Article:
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House committees meet to narrow number of bills


Rep. Noah Sanford


The deadline for bills to be passed out of their respective committees was February 1, a date which whittled approximately 1,500 House bills down to fewer than three hundred.  The past few weeks have largely been filled with committee meetings, but several bills have been debated and passed on the House floor.

House Bill 607 would allow for those who knowingly sell drugs laced with fentanyl to be charged with first-degree murder when the recipient dies as a result.  The bill passed by a margin of 102-7.  Dubbed “Parker’s Law,” the bill was pushed by parents of mostly young adults who have died of an overdose in recent years.  Many sat in the gallery during the debate with photographs of their children.

Senate Bill 2095, the Mississippi Medical Cannabis Act, has passed both the House and the Senate and now heads to the Governor’s desk.  It would create a medical marijuana program for certain debilitating conditions, including cancer, Parkinson’s disease, and diabetic neuropathy, among others.  To prescribe medicinal marijuana, a physician or nurse practitioner would be required to have an in-person visit with the patient, as well as a follow-up six months afterwards.   Grow facilities would be required to be licensed and regulated by the state, and the plants must be cultivated indoors; no plants could be grown outdoors, as such could invite theft and illegal use of the plant.  Further, a tracking program would trace each seed from its delivery to a grow facility to its eventual sale.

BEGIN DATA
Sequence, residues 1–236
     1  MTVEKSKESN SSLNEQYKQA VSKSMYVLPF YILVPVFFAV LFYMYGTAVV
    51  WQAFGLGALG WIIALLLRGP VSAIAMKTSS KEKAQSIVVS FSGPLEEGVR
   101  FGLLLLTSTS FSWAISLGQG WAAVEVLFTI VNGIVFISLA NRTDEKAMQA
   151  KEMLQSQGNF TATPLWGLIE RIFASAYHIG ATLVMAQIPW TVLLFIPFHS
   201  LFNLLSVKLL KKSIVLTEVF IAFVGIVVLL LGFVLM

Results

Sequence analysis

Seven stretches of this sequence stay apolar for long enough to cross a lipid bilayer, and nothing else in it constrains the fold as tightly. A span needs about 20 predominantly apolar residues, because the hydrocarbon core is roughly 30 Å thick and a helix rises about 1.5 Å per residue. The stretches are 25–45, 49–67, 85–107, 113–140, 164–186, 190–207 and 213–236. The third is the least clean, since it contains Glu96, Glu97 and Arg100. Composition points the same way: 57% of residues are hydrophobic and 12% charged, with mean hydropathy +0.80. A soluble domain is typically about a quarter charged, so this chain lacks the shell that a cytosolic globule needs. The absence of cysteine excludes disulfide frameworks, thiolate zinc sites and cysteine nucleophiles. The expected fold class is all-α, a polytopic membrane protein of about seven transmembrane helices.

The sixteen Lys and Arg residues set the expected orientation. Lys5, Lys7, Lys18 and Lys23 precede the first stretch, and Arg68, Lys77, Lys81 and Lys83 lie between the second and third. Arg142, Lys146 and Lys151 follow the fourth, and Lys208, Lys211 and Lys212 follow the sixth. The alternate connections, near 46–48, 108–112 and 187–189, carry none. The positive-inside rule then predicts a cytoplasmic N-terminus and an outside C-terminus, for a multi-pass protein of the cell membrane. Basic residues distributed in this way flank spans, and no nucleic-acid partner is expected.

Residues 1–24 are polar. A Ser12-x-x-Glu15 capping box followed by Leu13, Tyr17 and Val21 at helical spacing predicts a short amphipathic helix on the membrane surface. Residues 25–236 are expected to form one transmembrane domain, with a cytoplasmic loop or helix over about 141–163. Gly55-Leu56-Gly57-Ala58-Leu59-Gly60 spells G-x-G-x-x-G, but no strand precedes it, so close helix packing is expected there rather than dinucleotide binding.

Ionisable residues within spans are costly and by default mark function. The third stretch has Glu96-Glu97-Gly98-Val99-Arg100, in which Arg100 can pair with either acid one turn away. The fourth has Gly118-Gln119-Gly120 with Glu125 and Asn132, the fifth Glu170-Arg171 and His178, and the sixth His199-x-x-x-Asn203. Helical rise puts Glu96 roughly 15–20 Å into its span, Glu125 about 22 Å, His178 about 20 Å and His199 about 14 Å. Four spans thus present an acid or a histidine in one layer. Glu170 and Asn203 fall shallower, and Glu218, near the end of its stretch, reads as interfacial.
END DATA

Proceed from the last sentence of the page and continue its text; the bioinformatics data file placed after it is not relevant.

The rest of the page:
In 2020, Mississippi voters overwhelmingly passed Initiative 65, which would have created a very lax medical marijuana program, but the initiative was struck down by the Mississippi Supreme Court in the summer of 2021.  Senate Bill 2095, a response to the public’s seemingly strong support of medical marijuana, is a significantly more conservative, restrictive program than Initiative 65 would have created, but it will allow those with truly debilitating conditions to receive the treatment.

I appreciate the opportunity to serve.  Please contact me if I may be of assistance or if you have questions or concerns.

Noah Sanford represents parts of Covington, Simpson, and Jefferson Davis Counties in the Mississippi House of Representatives.  He can be reached at is an online news source serving Simpson and surrounding counties as well as the State of Mississippi.


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